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Published August 24, 2021
The UK government has launched a 10-point Hydrogen Strategy which sets out the way to the production of 5GW of hydrogen by 2030. The strategy was launched just a week after the IPCC’s report on climate change said a 1.5 degree rise in global temperatures is likely to breach 1.5C by 2040.
The announcement has attracted praise and criticism, with commentary in particular about proposals for the “twin-track” development of hydrogen production from ‘green’ electrolytic methods on one hand and ‘blue’ methods ie. extracting hydrogen from natural gas and in some cases, sequestering the remaining carbon in CCS schemes.
For instance, Environmental Audit Committee Chairman Philip Dunne MP said: “While the twin track approach proposed, supporting both green and blue hydrogen production, is positive, it is also important that substantial capacity for carbon capture is developed, so as to avert release of damaging emissions currently created in blue hydrogen production. At present 95% of hydrogen produced worldwide uses fossil fuel feedstocks.”
Meanwhile, Energy and Climate Intelligence Unit (ECIU) analyst Jess Ralston said: “The government should be alive to the risk of gas industry lobbying causing it to commit too heavily to blue hydrogen… Instead, focussing on green hydrogen could unlock our full industrial potential, bringing with it lifelong jobs in places like the North East, supporting both the government’s climate goals and its levelling up ambitions.”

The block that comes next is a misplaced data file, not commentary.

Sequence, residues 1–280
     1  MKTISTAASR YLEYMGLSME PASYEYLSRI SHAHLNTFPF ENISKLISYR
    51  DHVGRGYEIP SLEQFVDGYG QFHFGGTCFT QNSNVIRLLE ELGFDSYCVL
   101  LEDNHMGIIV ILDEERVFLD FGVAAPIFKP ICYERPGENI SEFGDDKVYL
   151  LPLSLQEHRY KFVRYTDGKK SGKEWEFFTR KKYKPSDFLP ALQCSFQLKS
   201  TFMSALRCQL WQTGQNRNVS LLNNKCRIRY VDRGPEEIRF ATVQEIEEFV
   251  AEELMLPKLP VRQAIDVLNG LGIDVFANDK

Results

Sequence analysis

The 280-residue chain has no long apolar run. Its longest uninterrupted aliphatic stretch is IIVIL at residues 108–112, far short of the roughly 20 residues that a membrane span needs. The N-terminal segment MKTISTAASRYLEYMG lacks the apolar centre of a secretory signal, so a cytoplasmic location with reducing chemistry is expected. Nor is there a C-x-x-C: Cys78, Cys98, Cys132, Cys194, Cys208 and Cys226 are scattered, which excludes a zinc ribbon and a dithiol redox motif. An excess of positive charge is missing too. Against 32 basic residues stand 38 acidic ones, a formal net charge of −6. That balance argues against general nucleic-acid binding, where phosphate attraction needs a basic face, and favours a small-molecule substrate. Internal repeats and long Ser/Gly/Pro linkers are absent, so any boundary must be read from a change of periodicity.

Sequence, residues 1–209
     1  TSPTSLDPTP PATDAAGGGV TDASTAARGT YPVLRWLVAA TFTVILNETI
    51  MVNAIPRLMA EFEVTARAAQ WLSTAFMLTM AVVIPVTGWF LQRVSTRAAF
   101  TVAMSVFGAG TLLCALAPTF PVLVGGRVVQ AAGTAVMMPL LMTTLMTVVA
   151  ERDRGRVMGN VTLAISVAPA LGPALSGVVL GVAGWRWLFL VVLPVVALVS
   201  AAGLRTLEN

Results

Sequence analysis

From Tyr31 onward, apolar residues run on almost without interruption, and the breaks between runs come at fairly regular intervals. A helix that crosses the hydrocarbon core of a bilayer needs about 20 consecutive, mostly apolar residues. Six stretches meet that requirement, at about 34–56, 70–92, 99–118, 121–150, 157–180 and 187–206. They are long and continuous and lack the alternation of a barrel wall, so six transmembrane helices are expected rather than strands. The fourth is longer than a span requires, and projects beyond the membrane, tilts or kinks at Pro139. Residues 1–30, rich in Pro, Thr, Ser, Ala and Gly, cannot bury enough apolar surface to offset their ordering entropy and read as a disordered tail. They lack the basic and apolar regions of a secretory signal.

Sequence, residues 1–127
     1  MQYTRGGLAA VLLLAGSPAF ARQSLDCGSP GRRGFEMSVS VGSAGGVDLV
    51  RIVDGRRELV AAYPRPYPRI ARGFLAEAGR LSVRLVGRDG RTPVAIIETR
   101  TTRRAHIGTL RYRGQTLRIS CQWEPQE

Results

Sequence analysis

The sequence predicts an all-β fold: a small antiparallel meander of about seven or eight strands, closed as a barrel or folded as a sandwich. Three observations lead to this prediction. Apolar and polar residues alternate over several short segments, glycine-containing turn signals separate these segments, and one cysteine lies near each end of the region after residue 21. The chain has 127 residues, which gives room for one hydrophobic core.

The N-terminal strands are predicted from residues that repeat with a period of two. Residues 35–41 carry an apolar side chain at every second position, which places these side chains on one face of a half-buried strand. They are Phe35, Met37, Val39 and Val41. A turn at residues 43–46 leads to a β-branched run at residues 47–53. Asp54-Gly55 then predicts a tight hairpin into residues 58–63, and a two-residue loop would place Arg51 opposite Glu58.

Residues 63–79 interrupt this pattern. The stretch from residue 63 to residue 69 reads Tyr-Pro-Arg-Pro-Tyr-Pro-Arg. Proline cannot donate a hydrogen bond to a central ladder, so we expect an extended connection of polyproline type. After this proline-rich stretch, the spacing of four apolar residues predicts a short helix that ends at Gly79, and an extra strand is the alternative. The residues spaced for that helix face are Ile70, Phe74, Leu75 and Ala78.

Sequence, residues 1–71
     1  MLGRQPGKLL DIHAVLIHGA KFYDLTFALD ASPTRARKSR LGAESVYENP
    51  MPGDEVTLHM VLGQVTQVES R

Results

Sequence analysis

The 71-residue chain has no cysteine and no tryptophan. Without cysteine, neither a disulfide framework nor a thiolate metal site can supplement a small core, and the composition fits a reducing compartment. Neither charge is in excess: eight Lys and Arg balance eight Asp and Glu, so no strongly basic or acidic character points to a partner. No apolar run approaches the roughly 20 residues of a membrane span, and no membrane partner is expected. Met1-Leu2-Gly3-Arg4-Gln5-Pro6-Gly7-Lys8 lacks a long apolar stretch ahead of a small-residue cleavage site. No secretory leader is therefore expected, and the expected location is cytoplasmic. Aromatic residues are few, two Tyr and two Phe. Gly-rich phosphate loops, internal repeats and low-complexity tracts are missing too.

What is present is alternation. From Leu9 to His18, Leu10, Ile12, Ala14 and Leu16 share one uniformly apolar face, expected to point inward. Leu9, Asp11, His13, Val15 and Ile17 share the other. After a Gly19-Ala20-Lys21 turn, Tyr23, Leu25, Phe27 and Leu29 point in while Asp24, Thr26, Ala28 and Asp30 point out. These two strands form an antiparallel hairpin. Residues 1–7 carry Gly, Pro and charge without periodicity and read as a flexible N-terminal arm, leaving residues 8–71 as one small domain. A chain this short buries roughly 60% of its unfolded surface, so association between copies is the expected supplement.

Jeremy Nicholson, Alfa Energy’s corporate affairs officer commented: “The longer-term intention is to either substitute blue for green hydrogen or to sequester the carbon emissions from blue in CCS projects. The question is how you get there: purists say you shouldn’t promote hydrogen until green hydrogen is available at scale. But this looks unrealistic: it’ll take time to get up to scale in green production. Blue hydrogen is not a low carbon fuel, but as sources of green hydrogen come on-stream, having blue hydrogen in place beforehand means you’ll be equipped to make use of it, which is what’s being trialled at various low carbon industrial clusters.”
Other measures in the Hydrogen Strategy include:
Tags Hydrogen Hydrogen Strategy Jeremy Nicholson Jess Ralston Philip Dunne UK Government